- SSP2 represents a “middle of the road” scenario historical patterns of development are continued throughout the 21st century.
Since the inception of the Intergovernmental Panel on Climate Change (IPCC) in 1988, scientists have been issuing warnings about the likelihood of accelerating climate change, which have been ignored.
From the First Assessment Report (AR1) published in 1990 to the AR5 in 2014, it has been emphasised that climate change is a challenge with global consequences that needs international cooperation.
The IPCC uses scenarios as a common tool to assess different forcings with respect to varying degrees of GHG warming that might occur in future situations in which outcomes are uncertain.
In the previous assessment reports, the future scenarios were derived from different representative concentration pathways (RCPs) describing different levels of radiative forcing with respect to the varying future levels of GHGs without the socio-economic narratives connected to them even being considered.
However, in the AR6, the new sets of scenarios have been derived by integrating a more realistic representation of socio-economic pathways (SSPs) with RCPs.
Evidences of climate change:
There is plenty of evidence to show that the unmatched warming caused by the higher level of GHGs in the atmosphere is mainly due to human activities.
- Scientists are observing changes in the Earth’s climate in every region and across the whole climate system, according to the latest Intergovernmental Panel on Climate Change (IPCC) Report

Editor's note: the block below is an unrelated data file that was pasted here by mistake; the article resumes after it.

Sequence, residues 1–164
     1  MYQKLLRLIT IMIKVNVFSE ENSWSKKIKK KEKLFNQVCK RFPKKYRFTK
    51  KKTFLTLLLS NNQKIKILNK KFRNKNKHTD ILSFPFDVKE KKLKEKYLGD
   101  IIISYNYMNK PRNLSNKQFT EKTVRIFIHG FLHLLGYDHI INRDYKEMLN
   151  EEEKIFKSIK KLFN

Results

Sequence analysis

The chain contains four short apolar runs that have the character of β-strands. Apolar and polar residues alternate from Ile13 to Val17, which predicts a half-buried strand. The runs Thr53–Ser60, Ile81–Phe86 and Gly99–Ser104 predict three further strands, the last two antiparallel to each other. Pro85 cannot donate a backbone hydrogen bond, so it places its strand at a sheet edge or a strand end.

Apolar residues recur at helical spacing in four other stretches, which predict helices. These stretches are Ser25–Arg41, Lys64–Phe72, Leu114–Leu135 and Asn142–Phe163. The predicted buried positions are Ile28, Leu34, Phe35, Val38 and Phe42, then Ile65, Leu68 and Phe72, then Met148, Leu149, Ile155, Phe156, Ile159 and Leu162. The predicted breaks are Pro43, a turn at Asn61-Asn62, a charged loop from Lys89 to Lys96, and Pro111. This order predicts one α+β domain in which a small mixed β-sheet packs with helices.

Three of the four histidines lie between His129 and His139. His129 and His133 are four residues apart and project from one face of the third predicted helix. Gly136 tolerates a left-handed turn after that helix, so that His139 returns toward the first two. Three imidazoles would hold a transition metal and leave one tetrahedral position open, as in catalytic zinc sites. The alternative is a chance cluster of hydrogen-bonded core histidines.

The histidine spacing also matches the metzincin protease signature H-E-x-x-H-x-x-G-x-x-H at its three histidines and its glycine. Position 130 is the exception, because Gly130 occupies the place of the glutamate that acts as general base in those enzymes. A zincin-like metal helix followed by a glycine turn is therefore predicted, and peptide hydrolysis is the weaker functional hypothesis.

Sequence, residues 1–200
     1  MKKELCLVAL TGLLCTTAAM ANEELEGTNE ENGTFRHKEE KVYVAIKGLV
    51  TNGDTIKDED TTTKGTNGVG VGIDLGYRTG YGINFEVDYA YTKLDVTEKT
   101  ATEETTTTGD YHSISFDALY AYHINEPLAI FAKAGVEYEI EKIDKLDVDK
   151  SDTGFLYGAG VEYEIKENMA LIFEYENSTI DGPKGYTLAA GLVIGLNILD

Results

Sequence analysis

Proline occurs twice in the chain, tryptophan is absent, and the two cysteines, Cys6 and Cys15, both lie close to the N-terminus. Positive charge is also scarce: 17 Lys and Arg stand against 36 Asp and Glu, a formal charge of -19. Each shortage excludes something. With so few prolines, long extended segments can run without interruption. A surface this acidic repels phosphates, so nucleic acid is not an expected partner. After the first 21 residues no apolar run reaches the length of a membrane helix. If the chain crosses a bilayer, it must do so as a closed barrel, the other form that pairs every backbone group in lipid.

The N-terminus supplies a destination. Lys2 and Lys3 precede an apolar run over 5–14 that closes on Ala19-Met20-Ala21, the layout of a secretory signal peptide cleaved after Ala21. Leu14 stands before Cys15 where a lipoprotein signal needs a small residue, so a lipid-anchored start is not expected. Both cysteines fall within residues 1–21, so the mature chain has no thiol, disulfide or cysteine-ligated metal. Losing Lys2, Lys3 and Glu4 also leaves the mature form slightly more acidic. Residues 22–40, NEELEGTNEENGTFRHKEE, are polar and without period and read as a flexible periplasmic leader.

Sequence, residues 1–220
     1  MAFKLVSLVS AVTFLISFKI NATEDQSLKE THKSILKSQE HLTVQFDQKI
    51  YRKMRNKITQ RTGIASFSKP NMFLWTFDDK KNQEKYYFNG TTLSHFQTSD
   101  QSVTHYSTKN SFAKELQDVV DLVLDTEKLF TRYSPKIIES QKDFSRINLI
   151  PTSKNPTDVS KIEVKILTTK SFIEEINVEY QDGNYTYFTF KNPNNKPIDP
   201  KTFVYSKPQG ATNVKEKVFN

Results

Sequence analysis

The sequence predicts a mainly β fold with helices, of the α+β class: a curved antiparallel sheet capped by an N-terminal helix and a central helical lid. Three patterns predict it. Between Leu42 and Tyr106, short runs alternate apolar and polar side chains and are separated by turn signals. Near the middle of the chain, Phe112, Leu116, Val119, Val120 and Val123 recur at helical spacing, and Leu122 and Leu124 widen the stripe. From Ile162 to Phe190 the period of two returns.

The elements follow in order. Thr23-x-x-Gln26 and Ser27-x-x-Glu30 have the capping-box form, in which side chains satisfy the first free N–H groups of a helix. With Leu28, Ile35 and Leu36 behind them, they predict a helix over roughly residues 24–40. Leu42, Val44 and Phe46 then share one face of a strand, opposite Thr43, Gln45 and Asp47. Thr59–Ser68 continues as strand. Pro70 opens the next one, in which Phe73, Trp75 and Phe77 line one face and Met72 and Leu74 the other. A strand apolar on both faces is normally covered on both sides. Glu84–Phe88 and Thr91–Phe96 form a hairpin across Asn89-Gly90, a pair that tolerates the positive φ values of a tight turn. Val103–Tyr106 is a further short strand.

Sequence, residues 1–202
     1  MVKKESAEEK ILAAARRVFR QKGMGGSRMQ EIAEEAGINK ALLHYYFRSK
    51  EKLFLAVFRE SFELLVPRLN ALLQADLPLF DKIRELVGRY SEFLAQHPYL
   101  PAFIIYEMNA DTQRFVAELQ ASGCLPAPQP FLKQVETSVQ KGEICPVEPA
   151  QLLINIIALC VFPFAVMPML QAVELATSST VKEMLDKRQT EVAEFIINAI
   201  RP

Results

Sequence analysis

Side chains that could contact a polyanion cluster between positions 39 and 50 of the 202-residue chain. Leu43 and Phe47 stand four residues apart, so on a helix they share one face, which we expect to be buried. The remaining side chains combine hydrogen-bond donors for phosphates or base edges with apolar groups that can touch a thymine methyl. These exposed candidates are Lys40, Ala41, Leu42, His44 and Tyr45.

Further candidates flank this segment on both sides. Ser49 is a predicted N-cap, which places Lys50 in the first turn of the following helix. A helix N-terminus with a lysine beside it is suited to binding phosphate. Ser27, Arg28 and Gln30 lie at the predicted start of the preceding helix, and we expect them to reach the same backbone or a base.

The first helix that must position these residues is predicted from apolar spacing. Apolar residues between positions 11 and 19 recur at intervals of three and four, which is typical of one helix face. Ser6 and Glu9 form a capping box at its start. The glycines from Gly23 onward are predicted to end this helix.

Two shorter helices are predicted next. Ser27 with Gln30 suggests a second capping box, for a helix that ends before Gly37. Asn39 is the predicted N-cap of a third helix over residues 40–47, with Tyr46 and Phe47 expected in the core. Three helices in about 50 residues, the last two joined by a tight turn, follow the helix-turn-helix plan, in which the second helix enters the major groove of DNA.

- Nearly all of the earth’s surface has been warming in response to the increasing levels of greenhouse gases (GHGs) accumulating in the atmosphere mainly through anthropogenic activities.
- Specifically, the global average surface temperature of the earth has increased by roughly 1.1 degrees Celsius compared with the pre-industrial baseline period of 1850-1900, which is unprecedented in the last 2,000 years.
- Warming took place at a higher rate over land compared with the ocean, thanks to the increased heat capacity of ocean waters.
- Despite the reduction in carbon dioxide (CO2) emissions that occurred because of the lockdowns during the COVID-19 pandemic, the CO2 concentration in the atmosphere reached a record high of 419 parts per million this year, which the planet has never seen in past two million years.
- Climate models were able to reproduce the observed rate of warming only when anthropogenic factors, GHG emissions in particular, were included along with natural climate forcings.
Nowadays numerical models are becoming a handy tool to evaluate the complex feedback between anthropogenic activities and global warming. The new-generation climate models include: